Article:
Using OKRs to align and achieve your best outcomes is quickly becoming a strategy execution norm... but OKRs are not MBOs and KPIs with another name. Rather than simply measuring operational metrics or individual performance, OKRs provide a common vocabulary and quarterly process for organizations and teams to articulate and align what they want to achieve, focus efforts on measurable outcomes, and iteratively learn with data over time.
Here are my first principles for success with OKRs:
1. Aim for great
Instead of target results that are the safest or most certain outcomes, define the best possible results. By defining them, you resource and prioritize them.
2. It's a Team sport
OKRs are set by and for teams, rather than defined by managers and assigned to team members. Team authorship leads to higher ownership and stronger inclusion of diverse perspectives.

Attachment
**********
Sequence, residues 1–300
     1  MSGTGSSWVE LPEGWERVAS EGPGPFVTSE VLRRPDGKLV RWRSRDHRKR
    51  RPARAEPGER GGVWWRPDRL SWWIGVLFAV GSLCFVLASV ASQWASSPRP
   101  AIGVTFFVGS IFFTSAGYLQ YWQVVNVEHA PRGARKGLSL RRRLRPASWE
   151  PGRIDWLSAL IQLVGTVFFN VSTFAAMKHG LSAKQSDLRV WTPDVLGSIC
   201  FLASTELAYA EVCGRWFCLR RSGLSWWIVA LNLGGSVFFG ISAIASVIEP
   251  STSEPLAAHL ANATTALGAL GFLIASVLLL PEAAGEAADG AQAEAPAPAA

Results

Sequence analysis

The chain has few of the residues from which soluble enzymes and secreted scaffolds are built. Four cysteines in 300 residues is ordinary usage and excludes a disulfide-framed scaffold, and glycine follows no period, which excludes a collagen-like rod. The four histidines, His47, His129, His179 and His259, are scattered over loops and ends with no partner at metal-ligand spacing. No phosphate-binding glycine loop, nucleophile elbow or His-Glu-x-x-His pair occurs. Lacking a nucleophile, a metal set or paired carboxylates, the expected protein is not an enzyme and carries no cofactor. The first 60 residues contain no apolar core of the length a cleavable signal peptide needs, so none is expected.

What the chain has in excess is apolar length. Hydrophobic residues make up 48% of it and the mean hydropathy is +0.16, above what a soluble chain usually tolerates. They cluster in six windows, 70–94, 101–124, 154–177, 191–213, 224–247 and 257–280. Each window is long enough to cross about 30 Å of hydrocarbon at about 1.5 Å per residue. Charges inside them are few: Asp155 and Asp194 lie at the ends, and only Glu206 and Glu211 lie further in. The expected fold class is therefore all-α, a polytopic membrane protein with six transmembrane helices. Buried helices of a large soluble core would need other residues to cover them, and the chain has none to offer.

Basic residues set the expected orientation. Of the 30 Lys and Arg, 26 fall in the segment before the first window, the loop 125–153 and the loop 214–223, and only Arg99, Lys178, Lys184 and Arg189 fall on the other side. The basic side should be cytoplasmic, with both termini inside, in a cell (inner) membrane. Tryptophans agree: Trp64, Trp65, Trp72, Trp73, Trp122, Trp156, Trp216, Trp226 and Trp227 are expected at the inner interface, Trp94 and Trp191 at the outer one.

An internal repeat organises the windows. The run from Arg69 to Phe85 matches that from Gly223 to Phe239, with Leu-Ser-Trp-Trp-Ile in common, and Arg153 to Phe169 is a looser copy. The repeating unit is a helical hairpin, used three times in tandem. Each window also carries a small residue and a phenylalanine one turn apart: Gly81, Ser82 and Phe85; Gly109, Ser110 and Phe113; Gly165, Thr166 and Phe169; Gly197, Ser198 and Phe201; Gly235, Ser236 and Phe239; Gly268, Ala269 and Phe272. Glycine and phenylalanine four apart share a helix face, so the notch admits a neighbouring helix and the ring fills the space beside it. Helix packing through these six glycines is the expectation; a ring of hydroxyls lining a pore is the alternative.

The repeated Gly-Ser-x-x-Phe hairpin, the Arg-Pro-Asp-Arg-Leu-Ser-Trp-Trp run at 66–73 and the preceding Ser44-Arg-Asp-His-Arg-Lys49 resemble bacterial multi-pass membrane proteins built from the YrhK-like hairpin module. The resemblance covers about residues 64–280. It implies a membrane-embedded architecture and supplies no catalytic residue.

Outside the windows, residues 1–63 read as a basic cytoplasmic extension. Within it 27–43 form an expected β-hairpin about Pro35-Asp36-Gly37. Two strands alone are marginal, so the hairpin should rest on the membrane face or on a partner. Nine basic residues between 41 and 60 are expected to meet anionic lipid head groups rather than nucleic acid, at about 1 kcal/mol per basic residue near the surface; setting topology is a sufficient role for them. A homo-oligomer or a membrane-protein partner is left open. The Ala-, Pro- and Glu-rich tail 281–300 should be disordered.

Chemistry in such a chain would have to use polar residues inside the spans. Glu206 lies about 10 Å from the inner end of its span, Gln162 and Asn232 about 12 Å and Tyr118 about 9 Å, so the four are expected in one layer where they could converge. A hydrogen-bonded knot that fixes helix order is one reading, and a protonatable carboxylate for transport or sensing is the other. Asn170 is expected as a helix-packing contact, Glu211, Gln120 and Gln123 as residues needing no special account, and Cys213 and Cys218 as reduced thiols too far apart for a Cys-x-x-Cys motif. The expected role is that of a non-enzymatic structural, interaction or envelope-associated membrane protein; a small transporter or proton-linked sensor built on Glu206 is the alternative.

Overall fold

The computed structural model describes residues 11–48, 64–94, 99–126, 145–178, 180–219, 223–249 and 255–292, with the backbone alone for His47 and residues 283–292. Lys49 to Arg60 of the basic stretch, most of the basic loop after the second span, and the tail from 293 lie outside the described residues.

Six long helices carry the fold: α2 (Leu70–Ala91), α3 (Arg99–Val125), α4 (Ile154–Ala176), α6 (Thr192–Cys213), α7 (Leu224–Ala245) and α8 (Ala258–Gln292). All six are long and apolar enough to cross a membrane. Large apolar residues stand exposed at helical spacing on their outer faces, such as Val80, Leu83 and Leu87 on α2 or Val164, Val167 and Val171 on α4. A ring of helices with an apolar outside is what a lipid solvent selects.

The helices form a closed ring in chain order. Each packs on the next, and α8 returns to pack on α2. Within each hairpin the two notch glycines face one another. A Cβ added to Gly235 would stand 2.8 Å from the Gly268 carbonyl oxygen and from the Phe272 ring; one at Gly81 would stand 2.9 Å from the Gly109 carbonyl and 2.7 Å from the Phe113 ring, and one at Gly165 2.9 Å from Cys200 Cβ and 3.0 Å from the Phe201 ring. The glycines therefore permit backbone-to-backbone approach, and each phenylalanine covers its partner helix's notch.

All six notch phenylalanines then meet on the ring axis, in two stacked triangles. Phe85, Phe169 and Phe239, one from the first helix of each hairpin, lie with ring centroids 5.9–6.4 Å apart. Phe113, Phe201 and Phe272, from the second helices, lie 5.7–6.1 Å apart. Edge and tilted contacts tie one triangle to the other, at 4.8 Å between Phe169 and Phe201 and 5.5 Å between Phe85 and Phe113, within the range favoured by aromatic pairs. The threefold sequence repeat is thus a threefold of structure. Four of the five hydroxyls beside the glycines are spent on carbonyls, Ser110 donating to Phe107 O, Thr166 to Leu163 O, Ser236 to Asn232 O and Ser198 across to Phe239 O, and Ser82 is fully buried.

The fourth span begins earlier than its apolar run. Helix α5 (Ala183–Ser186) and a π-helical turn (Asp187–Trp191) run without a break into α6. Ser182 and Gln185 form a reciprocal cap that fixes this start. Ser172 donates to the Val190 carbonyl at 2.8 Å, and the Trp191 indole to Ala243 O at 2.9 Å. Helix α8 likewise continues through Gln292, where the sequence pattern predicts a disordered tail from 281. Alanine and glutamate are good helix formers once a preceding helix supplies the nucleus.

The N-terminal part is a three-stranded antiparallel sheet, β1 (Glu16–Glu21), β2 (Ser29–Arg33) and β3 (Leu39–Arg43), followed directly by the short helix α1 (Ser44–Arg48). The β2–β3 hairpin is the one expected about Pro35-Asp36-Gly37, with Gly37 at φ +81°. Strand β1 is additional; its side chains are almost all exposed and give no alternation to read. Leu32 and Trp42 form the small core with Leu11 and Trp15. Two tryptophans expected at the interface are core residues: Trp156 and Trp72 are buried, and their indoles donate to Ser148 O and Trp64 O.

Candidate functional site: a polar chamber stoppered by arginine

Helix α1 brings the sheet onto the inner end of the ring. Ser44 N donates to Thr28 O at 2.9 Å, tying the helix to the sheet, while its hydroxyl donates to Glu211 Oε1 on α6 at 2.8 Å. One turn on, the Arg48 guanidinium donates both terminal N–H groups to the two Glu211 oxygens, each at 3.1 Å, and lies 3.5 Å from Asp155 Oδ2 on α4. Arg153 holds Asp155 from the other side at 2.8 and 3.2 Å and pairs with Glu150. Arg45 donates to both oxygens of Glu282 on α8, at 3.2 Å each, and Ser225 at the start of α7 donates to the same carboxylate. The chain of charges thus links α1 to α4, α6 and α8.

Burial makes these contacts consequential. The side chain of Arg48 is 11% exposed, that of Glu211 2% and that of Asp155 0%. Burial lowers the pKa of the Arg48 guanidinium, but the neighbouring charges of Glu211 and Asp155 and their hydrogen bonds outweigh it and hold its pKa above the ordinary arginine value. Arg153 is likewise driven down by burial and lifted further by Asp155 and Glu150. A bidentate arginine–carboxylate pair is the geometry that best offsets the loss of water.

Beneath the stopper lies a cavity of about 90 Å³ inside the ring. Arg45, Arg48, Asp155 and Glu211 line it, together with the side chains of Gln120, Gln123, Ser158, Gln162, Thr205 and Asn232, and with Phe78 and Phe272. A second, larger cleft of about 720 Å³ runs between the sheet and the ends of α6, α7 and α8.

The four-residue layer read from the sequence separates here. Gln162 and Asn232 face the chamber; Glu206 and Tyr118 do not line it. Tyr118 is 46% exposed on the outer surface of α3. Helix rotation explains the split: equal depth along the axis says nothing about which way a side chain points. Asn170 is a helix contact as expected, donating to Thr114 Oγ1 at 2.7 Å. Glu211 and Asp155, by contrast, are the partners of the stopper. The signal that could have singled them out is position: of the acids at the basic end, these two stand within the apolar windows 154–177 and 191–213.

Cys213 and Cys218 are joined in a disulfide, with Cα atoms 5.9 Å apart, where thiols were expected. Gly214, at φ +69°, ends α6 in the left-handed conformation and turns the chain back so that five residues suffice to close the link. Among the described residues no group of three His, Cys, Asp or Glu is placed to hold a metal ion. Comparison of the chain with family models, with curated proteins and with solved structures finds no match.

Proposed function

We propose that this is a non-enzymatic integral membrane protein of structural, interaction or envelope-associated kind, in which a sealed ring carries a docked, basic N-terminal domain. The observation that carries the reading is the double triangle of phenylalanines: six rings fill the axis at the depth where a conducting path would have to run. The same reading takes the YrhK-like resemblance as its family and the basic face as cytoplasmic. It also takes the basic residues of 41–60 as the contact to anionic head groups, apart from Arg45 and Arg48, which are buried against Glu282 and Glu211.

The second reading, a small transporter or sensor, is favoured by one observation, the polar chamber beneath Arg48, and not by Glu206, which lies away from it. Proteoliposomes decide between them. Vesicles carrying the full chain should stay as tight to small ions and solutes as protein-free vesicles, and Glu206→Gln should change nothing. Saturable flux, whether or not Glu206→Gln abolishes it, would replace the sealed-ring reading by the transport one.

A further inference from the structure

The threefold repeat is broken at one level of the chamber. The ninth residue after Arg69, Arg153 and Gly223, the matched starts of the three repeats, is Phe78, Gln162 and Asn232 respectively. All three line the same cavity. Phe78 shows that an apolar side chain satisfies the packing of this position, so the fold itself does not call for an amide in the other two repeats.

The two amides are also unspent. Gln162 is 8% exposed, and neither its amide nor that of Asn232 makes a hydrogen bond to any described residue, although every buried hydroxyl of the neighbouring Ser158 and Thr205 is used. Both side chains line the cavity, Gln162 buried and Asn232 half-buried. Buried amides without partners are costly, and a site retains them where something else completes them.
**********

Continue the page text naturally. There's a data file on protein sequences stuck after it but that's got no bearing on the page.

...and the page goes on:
3. Fast pace
OKRs are set quarterly. When teams define best outcomes in 90 days, time is a constraint to sharpen priorities and trade offs. Every 90 days, there is an opportunity to assess what's changed and learn from what's achieved; it creates agility and adaptability.
4. Drive with headlights
Instead of end of period measures that give you signal when it’s too late, key results shine a bright light on the ground in front of you so you can navigate well.
The 3 hours teams spend defining objectives and key results they want to achieve in the next 90 days ensure everyone's time is well spent and high impact. The strategy executed is the sum of everyone's weekly choices; setting OKRs ensures those choices are strategic.
6. Global & local
Instead of top down or bottom up, OKRs are localized by teams into their nouns, verbs and numbers with global coherence and alignment. They can be set asynchronously and reconciled rather than in a sequential cascade.